I’ve had this recipe bookmarked in Deb Perelman’s book since last summer. And then I forgot about it. While cleaning out our bookshelves, I stumbled upon this recipe again and realized it would be perfect for Sunday dinner. The leftovers could be used for weekday lunch! I used a mix of jarred kalamata olives but had to supplement with fancy black and castelvetrano olives from the Whole Foods olive bar. Next time, I would stick to kalamatas because they’re cheaper and saltier. The other olives were also tasty, but I want more of the brininess. I like this method of roasting chicken. It is faster and requires less cleanup!
May 14, 2013 marked four years since my mom’s passing. Every year since, my extended family gathers in her memory. In Vietnamese, we call it a gio. I asked my dad how long we are traditionally obligated to have a gio and he said you can continue to do this as long as you want to honor and remember the person. So I guess this is happening every year. Really, we just say a few prayers, eat and laugh.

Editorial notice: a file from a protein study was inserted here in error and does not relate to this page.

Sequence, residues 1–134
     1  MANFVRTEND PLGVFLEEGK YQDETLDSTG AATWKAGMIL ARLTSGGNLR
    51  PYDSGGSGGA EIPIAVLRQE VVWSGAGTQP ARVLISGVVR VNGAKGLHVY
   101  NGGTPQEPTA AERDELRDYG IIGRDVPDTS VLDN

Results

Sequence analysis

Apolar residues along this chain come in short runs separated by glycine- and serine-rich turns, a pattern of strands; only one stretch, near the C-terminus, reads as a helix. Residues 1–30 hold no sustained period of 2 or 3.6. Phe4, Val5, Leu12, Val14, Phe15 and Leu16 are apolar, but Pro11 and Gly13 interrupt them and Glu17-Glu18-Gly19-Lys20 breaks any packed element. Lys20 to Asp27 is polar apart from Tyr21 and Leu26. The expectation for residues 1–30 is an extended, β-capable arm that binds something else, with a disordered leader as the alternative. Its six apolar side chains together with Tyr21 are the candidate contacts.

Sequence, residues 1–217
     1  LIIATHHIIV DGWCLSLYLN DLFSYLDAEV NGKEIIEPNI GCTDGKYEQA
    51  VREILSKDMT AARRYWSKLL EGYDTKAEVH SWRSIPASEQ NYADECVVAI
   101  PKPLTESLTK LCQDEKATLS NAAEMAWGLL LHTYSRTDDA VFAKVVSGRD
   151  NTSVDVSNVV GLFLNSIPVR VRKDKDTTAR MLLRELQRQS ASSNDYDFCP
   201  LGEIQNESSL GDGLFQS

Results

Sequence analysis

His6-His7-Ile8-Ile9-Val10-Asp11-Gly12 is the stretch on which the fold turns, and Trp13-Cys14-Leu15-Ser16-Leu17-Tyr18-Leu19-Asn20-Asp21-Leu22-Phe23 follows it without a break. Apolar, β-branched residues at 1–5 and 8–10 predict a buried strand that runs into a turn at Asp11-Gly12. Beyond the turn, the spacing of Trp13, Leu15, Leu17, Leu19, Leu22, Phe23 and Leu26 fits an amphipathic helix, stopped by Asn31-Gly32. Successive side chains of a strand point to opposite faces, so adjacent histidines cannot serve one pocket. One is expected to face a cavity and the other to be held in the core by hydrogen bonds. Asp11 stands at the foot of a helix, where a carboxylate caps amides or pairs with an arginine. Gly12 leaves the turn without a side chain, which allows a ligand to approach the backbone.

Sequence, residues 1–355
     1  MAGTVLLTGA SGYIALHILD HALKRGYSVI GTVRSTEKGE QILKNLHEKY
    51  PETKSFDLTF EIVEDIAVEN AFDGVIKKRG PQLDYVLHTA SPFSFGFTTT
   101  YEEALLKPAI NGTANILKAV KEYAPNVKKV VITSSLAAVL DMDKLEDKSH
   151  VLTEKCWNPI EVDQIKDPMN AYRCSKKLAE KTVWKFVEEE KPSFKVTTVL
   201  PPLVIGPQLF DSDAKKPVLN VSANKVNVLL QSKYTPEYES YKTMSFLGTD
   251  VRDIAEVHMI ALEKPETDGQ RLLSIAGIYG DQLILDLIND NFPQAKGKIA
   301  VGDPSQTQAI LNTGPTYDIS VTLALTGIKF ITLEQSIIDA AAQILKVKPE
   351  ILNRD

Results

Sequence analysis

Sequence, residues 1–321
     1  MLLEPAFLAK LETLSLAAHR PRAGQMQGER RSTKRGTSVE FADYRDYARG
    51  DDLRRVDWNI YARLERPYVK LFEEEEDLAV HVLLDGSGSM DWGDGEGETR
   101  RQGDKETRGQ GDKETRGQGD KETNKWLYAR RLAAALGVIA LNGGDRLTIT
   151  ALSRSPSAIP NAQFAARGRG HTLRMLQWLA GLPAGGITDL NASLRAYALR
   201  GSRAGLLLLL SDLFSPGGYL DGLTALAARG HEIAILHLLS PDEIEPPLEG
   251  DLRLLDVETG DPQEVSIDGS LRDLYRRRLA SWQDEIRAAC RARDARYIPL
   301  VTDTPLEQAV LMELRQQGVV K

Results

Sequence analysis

Growing up, family gatherings happened every Sunday. As we’ve gotten older, started our own families and, honestly, lost key family members that were our glue, big family gatherings with all of my aunts, uncles and cousins happen significantly less often. I see my cousins that live nearby weekly; I hope that my nieces and nephews remember these gatherings as fondly as I look back on the family meals of my youth. These days, opportunity for the families of all seven of my grandma’s kids to gather is so rare.